Proof. The proof is separated into three parts.
(I) We consider the closed-loop equation (41) without perturbationIn view of Lemma 17 and Assumption 9, the matrix is Hurwitz stable. Therefore, according to the center manifold theorem , there exists a stable invariant manifold attracting all trajectories of (49). The motion of the system trajectories on is equivalent to the immersion of the system (49) into (2). Hence, there is a linear map of the form , in which the matrix satisfies the Sylvester equationWe note that existence of is guaranteed since . For the perturbed closed-loop dynamics (41), an attractivity index with respect to is defined as . Then, it is straightforward to obtainBy Theorem 13 and following the same notation, the disturbance estimation error is bounded as , for some . As a result, the solution of (51) satisfies an inequality of the formwhere , , and are appropriate positive numbers. Inequality (52) implies practical convergence of the closed-loop trajectories to the manifold . Using the triangle inequality , boundedness of the trajectory is deduced.
(II) Apportioning matrix asthe following matrix equation is obtained from (50):Comparing (54) with (8), it follows from the uniqueness result of Theorem 5 that , and . Thereby, is a submanifold of , and finally it is implied from inequality (52) that , in which , and .
(III) The solution of the state equation (43) satisfies . Given , after the transient time , the inequality holds with . This completes the proof.
7. Simulation Example
In order to illustrate the efficacy of the proposed control method, we explain its application to the plotter system, which is a computer printer used for vector graphics . The schematic model of the plotter is shown in Figure 2, and the corresponding symbols and numerical values are given in Table 1. The basic components of the plotter are a DC motor and three disks (referred to as disks 1-3). The state variables of the system , , and are the angular displacement of disk 1, the angular velocity of disk 1, and the current in the motor, respectively. The control variable is in the input voltage of the motor. Through a first principle modeling, we obtain the state equation of the plotter as follows:whereThe total disturbance comprises two terms in such a way that . The first, which has a known frequency spectrum, affects both motor dynamics and mechanical part of the system and is given by . The second term is a matched state-dependent uncertainty of the form , which represents frictional effects in the motor. Taking the disk 1 angle as the output, , we assume that the control objective is to track a reference signal of the form, . According to the available frequency data of the reference/disturbance signals, system (2) is characterized by the following matrices:In view of Assumption 3 and Remark 4, we consider the disturbance model (4) withThe controller (26) is designed using linear quadratic regulation in such a way that all eigenvalues of the matrix are placed on the left of the line in the complex plane. Parameters of the nonlinear gain function (31) are selected as and . To obtain the matrices , taking , the LMI (40) is solved per CVX . We obtainedWe also compare the tracking response of the controller with the hybrid controller , which comprises a sliding mode observer and a sliding mode output feedback controller. Since only the stabilization problem is considered in , we perform the following state and control transformation:where are the entries of the state matrix . According to the transformation (60), the following system is obtained for the stabilization problem:where and . The hybrid controller is given bywhere and are estimates of and , respectively, , , and are design matrices of suitable dimensions ( should be positive semidefinite), and is the pseudoinverse of and is the standard signum function . We note that in the design of the hybrid controller only matched disturbances are considered . Using eigenvalue placement, the design matrices of the hybrid controller are tuned as follows:The tracking responses of both controllers are shown in Figure 3. The settling times of the proposed controller and the hybrid controller are and , respectively. Our controller shows a much faster transient response, but its overshoot is larger. The approximate values of the absolute steady-state tracking errors of the controllers are for the proposed controller and for the hybrid controller. That is, our controller outperforms the hybrid controller in terms of transient time and steady-state tracking. This is mainly due to the output regulation property of our controller which enables guaranteed asymptotic tracking as well as mismatched disturbance rejection. The control signals generated by the controllers are shown in Figure 4. Both control signals are approximately the same; however, there is a high-frequency component in the control input of our controller. This component is caused by the internal model property of our controller which embeds the known frequencies of the reference/disturbances to learn their behavior . In order to assess the performance of the ESO, the estimated state variables of the plotter system are given in Figure 5. According to the ESO differential equations (30), state reconstruction is a part of disturbance estimation. The ESO successfully tracks the state variables of the system, which, in turn, confirms its disturbance estimation capability.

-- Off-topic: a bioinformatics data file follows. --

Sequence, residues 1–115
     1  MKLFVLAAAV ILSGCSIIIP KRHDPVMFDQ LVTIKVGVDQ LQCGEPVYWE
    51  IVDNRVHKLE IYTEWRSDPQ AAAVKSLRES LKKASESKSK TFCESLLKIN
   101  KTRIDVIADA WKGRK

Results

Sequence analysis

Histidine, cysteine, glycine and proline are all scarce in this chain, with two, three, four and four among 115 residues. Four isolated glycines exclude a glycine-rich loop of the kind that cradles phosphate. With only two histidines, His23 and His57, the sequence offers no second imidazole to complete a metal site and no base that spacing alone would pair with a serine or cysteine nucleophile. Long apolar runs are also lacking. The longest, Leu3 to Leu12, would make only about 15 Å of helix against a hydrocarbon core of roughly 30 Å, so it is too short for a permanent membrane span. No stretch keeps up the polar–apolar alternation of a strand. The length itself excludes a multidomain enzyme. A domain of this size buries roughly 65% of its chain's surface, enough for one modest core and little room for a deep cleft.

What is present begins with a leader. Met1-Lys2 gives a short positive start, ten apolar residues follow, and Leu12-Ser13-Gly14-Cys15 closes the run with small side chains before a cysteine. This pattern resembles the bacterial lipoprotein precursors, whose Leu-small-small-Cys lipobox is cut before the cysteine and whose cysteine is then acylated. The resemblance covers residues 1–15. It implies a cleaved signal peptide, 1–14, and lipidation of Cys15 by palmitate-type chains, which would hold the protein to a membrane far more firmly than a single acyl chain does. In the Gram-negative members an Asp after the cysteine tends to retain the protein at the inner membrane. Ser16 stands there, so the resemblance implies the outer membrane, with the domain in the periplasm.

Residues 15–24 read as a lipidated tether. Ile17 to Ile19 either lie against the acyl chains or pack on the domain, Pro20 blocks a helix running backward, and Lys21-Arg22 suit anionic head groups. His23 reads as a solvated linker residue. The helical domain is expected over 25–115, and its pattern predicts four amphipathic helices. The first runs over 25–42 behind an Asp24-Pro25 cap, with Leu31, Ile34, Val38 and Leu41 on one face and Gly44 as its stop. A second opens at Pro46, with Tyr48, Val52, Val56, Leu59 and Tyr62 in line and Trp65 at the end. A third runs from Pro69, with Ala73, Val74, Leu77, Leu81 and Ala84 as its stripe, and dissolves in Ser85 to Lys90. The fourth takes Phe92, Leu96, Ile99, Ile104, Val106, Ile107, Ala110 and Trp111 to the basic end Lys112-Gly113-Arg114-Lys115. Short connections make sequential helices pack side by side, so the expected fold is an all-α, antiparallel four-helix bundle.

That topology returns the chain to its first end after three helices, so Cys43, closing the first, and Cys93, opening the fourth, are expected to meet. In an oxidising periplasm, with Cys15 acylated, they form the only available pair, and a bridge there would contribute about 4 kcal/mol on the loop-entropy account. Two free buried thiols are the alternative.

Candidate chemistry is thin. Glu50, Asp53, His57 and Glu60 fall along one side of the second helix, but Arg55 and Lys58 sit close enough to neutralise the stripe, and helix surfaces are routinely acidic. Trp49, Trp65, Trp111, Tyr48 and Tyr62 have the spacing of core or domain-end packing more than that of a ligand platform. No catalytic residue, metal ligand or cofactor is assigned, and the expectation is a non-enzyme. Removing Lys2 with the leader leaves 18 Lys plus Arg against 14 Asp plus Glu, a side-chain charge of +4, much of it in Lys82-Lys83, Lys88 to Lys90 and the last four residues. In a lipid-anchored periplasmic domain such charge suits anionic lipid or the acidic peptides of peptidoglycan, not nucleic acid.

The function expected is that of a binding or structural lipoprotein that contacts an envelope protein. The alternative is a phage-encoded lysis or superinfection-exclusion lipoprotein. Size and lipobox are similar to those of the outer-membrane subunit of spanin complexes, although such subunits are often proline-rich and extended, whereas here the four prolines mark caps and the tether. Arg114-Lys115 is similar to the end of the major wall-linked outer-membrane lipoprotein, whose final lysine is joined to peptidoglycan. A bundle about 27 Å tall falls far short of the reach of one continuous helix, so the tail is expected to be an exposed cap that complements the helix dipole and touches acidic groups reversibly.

This paper presented a control structure combining output regulation and disturbance rejection control techniques. This method extends the range of the disturbances considered in the conventional output regulation theory. In the output regulation aspect, the internal model principle enables the controller to handle the mismatched disturbances with known frequency characteristics. In the disturbance rejection aspect, an ESO is employed to compensate for the disturbances without known dynamical characteristics, which, for example, may arise from nonlinear effects and structural variations of the underlying plant. Generalization and application of the method to a class of mechanical systems will be pursued in future works.
The authors are willing to share the implementation scripts in the form of some MATLAB m-files with the interested reader.
Conflicts of Interest
The authors declare that there are no conflicts of interest regarding the publication of this paper.
MATLAB .m file “Plotter_system.m” which represents the design and implementation of output regulation via the proposed NESO for a plotter system. It should be noted that the execution of this file requires the installation of CVX program which is a free disciplined convex programming tool. MATLAB .m file “Plotter_system_Hybrid_Controller.m” which represents the design and implementation of the hybrid control system on the plotter benchmark problem. SIMULINK .mdl files “Hybrid_control_system.mdl” and “Plotter_system_control.mdl” which are the realizations of closed-loop systems as SIMULINK models. (Supplementary Materials)